5. Political Economy of Nigeria
(Longman, 1985)

6. Democracy and Development in Africa
(Washington, D.C. The Brookings Institute, 1996)

7. Is Africa Democratizing?
(CASS Monograph No. 5, 1996)

8. The New World Order: A view from the South
(Port Harcourt: CASS, 1992)

9. Democratization and Disempowerment in Africa
(CASS Occassional Monograph, 1994)

10. The Political Economy of Crisis and Underdevelopment in Africa( 1989).

11. Is Africa Developing?
(1996)

12. The Marginalisation of Africa (1996).

13. The Political Economy of Crisis and Underdevelopment in Africa (1989).

14. The Marginalisation of Africa (1996).

15. Nigerian Political Economy
(1985).

He has also written over forty chapters in books and over fifty papers in scholarly journals worldwide.

Professor Claude Ake was not only a scholar, but also an activist who championed the course of his community using his intellect and contacts. He was one of the major persons who fought for the creation of Ogba/Egbema/Ndoni Local Government Area.

The great scholar consistently pressurized the oil companies operating in Ogba kingdom to provide basic amenities for the community. It took his intervention to stop the Rivers State Utility Board from collecting money from the people of Omoku for the electricity generated by the Nigerian Agip Oil Company (NAOC).

Claude Ake’s community service efforts are well known and applauded worldwide, especially his condemnation of the insensitivity of Shell Petroleum Nigeria Limited to the problems of their host communities in the Niger Delta, especially Ogoni Land. His position in this matter was not pretentious.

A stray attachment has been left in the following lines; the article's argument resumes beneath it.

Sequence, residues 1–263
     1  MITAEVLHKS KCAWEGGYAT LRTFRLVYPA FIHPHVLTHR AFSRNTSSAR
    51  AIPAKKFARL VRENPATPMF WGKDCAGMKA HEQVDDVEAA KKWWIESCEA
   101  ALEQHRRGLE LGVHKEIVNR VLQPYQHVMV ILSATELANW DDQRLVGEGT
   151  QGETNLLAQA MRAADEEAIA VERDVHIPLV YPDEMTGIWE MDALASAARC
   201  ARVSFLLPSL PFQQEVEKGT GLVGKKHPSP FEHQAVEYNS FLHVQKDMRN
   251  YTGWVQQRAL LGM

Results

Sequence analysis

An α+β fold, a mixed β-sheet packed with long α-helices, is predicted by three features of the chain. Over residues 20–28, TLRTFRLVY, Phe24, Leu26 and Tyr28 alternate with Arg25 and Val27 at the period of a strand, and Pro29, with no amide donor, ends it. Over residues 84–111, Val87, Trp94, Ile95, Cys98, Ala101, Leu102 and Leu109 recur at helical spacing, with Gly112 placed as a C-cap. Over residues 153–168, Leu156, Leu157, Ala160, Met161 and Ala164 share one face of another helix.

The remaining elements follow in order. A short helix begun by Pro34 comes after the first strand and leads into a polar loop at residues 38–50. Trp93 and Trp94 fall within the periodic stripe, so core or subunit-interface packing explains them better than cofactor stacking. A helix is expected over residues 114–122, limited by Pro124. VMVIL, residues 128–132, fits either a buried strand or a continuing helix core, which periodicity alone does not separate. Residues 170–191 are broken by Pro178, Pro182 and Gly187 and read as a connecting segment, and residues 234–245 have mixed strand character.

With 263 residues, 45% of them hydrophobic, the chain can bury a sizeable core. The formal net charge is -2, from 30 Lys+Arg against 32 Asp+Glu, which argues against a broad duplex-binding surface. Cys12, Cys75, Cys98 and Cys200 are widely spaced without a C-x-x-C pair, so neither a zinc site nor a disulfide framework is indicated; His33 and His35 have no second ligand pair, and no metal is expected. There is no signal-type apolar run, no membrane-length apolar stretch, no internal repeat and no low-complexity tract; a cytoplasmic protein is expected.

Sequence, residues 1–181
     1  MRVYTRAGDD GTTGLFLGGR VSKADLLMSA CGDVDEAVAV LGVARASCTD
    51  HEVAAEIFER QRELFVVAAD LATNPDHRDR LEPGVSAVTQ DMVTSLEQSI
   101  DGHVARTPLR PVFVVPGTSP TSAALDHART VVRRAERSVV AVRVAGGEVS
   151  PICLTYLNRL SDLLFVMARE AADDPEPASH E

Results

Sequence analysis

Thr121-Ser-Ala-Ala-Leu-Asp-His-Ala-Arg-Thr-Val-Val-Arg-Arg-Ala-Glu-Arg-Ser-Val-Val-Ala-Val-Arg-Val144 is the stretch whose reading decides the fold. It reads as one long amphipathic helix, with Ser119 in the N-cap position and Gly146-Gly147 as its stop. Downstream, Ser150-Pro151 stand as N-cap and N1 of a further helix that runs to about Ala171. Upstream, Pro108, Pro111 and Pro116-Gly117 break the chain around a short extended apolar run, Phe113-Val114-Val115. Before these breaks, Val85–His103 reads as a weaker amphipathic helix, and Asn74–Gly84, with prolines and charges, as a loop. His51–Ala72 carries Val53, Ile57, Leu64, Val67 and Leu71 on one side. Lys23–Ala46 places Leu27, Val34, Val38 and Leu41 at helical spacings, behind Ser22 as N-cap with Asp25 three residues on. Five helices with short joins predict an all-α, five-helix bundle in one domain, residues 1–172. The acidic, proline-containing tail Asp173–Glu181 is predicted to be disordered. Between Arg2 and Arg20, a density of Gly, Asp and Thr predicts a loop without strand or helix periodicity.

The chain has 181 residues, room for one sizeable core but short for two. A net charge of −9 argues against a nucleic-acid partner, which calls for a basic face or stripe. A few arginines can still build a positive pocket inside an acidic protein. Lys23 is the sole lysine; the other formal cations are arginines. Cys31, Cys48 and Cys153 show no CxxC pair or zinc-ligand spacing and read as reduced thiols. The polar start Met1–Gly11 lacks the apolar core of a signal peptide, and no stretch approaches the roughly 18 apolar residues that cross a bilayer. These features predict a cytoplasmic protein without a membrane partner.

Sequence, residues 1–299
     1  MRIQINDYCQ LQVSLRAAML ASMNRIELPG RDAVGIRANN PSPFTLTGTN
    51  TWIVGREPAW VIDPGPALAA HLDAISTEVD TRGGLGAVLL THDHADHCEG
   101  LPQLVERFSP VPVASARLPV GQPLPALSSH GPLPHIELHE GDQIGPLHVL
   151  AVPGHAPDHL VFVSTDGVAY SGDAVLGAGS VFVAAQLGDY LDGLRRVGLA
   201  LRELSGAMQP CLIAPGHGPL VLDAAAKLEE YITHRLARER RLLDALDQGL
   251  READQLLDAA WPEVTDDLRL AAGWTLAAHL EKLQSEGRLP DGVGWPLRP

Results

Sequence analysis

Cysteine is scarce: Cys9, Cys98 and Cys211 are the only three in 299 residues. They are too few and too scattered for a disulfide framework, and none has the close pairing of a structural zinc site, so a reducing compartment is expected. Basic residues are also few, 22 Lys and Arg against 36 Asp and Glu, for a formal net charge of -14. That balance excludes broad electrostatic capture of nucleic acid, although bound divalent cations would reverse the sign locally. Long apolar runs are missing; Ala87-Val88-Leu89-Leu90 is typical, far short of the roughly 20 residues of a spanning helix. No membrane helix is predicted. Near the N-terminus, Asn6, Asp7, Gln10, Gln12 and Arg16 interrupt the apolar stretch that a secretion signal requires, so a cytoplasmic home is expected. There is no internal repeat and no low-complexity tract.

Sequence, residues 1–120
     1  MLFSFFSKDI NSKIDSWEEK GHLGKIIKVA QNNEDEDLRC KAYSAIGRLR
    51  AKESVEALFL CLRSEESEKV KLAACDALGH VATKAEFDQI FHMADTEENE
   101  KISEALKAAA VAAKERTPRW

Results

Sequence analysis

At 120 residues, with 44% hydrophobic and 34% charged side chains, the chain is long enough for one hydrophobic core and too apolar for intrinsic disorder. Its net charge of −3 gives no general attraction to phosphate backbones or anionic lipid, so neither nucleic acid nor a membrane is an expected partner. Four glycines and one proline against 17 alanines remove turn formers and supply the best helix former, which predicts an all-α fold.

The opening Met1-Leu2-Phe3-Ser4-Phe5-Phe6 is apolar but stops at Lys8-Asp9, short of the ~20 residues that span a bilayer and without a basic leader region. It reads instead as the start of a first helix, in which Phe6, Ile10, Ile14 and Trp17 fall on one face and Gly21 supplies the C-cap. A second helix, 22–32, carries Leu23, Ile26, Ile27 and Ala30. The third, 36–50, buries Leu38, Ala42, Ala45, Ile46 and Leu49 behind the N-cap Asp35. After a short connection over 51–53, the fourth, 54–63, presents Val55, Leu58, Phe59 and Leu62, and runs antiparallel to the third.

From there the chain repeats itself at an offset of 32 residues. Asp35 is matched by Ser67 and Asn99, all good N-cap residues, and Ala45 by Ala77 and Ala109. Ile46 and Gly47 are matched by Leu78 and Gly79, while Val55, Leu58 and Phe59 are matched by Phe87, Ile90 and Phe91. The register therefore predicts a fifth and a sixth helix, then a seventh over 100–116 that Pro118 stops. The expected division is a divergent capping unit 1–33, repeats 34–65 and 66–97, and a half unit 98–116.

Ake was a world class Professor of Political Economy and is listed among the few Nigerian scholars whose works are found in all libraries all over the World. In the last two decades, he became a producer of knowledge and his brilliance and erudition stamped his authority as Africa’s foremost scholar of Political Economy.

Enough of Professor Ake’s legacy of academic excellence cannot be captured within this limit space; words are not enough to describe the glory of his exit. It can only be imagined from the flow of encomiums since his tragic departure on 7th of November 1996.

In his condolence message, David Apter, the Chairman of the Council of African Studies, Yale University professes that there was no one working in the field of political science in Africa whom he respected more than Claude Ake; both for his courage and brilliance.

Lamenting on the loss, Christine Winge of the Ford Foundation in New York acknowledged Ake’s intelligence, vision and commitment to Africa’s people. He declared that his loss is not felt just through Nigeria and Africa, but throughout the world.

The Executive of the World Bank noted that Professor Claude Ake was known for his “keen intellect and commitment to the course of African development”, and he concluded that Ake will be greatly missed.

Professor Ali Mazrui, one of the most celebrated African scholars of our time, saw Ake as a “Star among African scholars – a superb and stimulating interpreter of the African condition.” Africa, he said, is poorer without him.

There is no doubt that Professor Claude Ake was a distinguished scholar of international repute. But the beauty of his legacy lies in the fact that his pre-eminence was built on a foundation of wisdom, intelligence, resourcefulness, integrity, simplicity and honesty. He will be remembered for his ideals; for what he taught and for his thoughts.

Prof. Claude Ake was a recipient of many awards some of which include:

• The National Science Research Council of Canada Award for the Study of the Indigenization of African Economies, 1975.

• His Book, Political Economy of Africa was a Choice Book of the U.S. year 1987. This was translated by the Russian Academy of Science into Russian.

• Woodrow Wilson Scholar, Smithsonian Institute, Washington D.C., 1985 – 1986

• Rockefeller Scholar, 1962-1966

 

About 23 years ago, precisely on November 7, 1996, the cold hands of death snatched away Professor Claude Ake from this earth. He died along with 141 others in the ill-fated ADC plane crash in Ejigbo, Lagos State, on that fateful day. He is survived by his wife Mrs Anita Ake and his three sons: Mela, Ibra & Brieri Claude Ake.

Farewell to a god of Political Economy worldwide, our own Professor Claude Ake.

You will always be remembered!

 

 

Source:
Orashi Assembly
Biographical Archive BY
Comr. Abbah Rufus